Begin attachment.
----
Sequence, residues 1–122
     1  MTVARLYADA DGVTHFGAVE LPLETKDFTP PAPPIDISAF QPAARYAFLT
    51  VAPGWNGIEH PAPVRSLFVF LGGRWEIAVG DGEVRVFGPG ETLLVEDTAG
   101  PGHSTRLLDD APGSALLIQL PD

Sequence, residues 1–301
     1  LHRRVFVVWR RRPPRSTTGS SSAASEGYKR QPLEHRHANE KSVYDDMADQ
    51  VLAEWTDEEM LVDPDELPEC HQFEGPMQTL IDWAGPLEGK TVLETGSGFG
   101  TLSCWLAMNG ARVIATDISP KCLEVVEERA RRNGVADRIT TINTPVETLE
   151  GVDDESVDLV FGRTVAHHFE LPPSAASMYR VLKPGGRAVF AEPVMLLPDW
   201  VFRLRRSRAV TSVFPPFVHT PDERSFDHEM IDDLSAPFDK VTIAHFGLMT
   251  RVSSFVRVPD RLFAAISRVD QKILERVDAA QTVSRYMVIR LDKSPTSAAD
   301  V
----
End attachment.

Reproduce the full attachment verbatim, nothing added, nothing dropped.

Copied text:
Sequence, residues 1–122
     1  MTVARLYADA DGVTHFGAVE LPLETKDFTP PAPPIDISAF QPAARYAFLT
    51  VAPGWNGIEH PAPVRSLFVF LGGRWEIAVG DGEVRVFGPG ETLLVEDTAG
   101  PGHSTRLLDD APGSALLIQL PD

Sequence, residues 1–301
     1  LHRRVFVVWR RRPPRSTTGS SSAASEGYKR QPLEHRHANE KSVYDDMADQ
    51  VLAEWTDEEM LVDPDELPEC HQFEGPMQTL IDWAGPLEGK TVLETGSGFG
   101  TLSCWLAMNG ARVIATDISP KCLEVVEERA RRNGVADRIT TINTPVETLE
   151  GVDDESVDLV FGRTVAHHFE LPPSAASMYR VLKPGGRAVF AEPVMLLPDW
   201  VFRLRRSRAV TSVFPPFVHT PDERSFDHEM IDDLSAPFDK VTIAHFGLMT
   251  RVSSFVRVPD RLFAAISRVD QKILERVDAA QTVSRYMVIR LDKSPTSAAD
   301  V